Sunday, December 15, 2013

5 Magic Kool-Aid Exercises That Will Have You Feeling Your Best

Do you ever feel tightness in your low back? a pinch in your shoulder? a knot in your upper back? a shooting pain in the front of your shin?

The exercises here-in might just be your magic kool-aid. They are designed to "activate" muscles that may have "fallen asleep" over the course of the day (lifetime) you spend sitting hunched over at a desk. Best of all, you can do them anywhere, any time, no equipment necessary. In particular, try incorporating them into your warm-up before a session of resistance training. Or, as a way to save time, do them between sets of strength exercises.

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1. Glute Bridges

That tightness you feel in your low back could be you due to your spinal erectors working overtime to compensate for sleepy glutes.

To activate the glutes, lie on your back, face up, with knees bent. Squeeze your abs, dig your heels into the ground, and lift your hips to form a straight line from your shoulders to your knees. Imagine that you have a quarter between your butt cheeks and you don't want to let it out. Hold the top position for 2 seconds, and repeat for 12-15 reps. To be sure you're doing it right, simply poke your cheeks at the top. They should feel like rocks.

In the gym, pair glute bridges with squats or deadlifts.

2. Prone Y's

That pinch you feel in your shoulder when you try to raise your arm over your head could actually be due to a lack of movement at the scapula (shoulder blade). When the scapula fails to rotate, the space inside the shoulder is reduced, and boom! A couple of tiny muscles inside the shoulder get pinched.

Activate the upward rotators of the scapula by lying face down on the floor with arms overhead and thumbs up. Slow raise your arms a few inches off the floor, pulling your shoulder blades down and back. Try not to shrug. Hold for 2 seconds, and repeat for 12-15 reps. This is not a low back exercise; do not lift the chest off the ground. To make this movement easier, do it on an incline (bench or physioball).

In the gym, pair prone Y's with overhead movements like shoulder presses or snatches.

3. Plank Plus/Minus 

That knot in your upper back from sitting and staring at the computer could be due once again to a scapula that's frozen in place. Regaining the ability to protract and retract your shoulder blades could be the answer.

Assume a push-up position, making a straight line from head to toe. Moving from the shoulder blades only, slowly press yourself away from the floor a few inches (by protracting the scapulae). Then allow yourself to drop towards the floor a few inches (by retracting the scapulae). No movement should occur at the elbows, hips, or neck. Repeat 10-12 times.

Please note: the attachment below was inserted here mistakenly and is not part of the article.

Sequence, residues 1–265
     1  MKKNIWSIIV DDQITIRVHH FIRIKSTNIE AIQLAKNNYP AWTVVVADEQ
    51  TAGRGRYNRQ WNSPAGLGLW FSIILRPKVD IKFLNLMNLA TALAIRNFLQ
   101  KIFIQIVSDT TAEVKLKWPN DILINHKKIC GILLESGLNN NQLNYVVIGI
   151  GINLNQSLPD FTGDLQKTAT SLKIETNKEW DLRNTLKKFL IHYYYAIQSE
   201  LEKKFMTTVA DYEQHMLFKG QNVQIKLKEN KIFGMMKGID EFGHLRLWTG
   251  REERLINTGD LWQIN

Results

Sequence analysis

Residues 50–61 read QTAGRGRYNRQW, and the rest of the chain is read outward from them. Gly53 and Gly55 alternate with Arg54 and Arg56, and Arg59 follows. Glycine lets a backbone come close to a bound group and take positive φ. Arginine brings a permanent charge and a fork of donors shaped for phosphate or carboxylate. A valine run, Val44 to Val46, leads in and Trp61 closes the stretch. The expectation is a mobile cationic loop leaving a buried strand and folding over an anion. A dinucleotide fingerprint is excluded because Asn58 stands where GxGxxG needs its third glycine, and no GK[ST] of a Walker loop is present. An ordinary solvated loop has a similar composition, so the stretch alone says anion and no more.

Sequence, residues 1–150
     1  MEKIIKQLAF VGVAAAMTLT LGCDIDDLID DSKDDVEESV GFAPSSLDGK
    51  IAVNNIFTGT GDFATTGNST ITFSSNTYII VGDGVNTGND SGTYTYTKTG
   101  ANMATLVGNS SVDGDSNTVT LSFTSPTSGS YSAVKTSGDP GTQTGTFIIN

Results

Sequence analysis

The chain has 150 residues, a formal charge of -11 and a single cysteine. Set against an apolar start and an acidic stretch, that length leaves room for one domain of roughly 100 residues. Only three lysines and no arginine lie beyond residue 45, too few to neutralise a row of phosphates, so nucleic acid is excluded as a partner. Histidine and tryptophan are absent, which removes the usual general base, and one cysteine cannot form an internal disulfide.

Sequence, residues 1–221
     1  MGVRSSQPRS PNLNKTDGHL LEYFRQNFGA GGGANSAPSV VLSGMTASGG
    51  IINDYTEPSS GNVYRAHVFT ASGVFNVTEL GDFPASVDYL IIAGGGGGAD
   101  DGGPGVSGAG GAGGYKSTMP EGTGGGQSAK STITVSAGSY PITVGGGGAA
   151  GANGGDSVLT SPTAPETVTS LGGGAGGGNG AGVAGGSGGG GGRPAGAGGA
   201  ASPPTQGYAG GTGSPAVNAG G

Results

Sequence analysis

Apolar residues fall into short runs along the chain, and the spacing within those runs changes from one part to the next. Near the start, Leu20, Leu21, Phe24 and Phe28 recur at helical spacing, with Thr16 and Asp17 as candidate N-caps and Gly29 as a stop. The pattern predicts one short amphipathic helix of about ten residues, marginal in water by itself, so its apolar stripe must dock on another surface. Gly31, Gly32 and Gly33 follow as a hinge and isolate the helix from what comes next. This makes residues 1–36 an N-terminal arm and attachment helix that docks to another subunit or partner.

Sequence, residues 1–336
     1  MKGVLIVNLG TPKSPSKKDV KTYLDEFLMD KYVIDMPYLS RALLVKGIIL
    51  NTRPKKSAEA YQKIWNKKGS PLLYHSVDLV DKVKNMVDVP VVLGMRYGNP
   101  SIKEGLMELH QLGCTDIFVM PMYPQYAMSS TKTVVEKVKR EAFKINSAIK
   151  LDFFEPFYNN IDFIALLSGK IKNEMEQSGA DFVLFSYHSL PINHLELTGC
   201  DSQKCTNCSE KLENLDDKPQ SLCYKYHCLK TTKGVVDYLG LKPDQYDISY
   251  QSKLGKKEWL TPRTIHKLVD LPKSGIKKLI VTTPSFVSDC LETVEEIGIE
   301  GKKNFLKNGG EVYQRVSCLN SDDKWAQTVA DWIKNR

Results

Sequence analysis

If this doesn't make any sense, move to a wall and try it there. On the other hand, if the plank is too easy, incorporate a push-up. Perform the "minus" (retraction) at the bottom of the push-up by releasing your hands, and perform the "plus" (protraction) at the top, as above.

In the gym, pair plank plus/minus with pulling movements like rows or pull-ups.

4. Wall Slides

Upper back still jacked up? That hunchback sitting posture can also lead to an imbalance in internal versus external rotation at the shoulder.

To strengthen the external rotators of the shoulder, simply line yourself up against a wall with your fingertips, wrists, and elbows pressed firmly against the wall and your knees slightly bent. (You'll have to take your watch off for this.) Slowly slide your arms up and down as far as you can before any of your parts come off the wall. Your arms should form a 'Y' at the top and a 'W' at the bottom. Repeat 6-8 times. Do not let your low back arch off the wall.

This exercise has made many a grown man cry. It's especially difficult for folks who do lots of pushing and not a lot of pulling in the gym. If it's too difficult, simply turn and face the wall. Slide your pinkies up and down the wall.

In the gym, pair wall slides with pushing movements like shoulder presses or bench press.

5. Heel Walk

That shooting pain in your shins from going out for a jog for the first time in three years? That's your anterior tibialis muscle ripping off its attachment point on the interosseous membrane. Fear not, though; there's actually a simple fix.

For what can often be immediate relief, activate your ankle dorsiflexors by pointing your toes towards your shins and walking around on your heels. Continue walking like this until the fronts of your shins burn.

In the gym, pair heel walk with lower body plyometrics like jump rope or box jumps.

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